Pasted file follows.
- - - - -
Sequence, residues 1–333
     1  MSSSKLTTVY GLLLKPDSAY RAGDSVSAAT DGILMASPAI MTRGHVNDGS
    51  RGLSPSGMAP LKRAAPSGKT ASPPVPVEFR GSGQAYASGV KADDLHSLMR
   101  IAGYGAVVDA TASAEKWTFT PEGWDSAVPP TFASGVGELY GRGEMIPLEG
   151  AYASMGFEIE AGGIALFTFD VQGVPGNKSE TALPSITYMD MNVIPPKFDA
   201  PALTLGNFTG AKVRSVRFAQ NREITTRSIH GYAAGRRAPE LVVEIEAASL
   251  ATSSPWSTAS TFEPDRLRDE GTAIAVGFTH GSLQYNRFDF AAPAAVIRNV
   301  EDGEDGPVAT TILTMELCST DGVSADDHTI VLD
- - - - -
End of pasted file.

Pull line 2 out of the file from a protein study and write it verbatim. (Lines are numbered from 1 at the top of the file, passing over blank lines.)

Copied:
     1  MSSSKLTTVY GLLLKPDSAY RAGDSVSAAT DGILMASPAI MTRGHVNDGS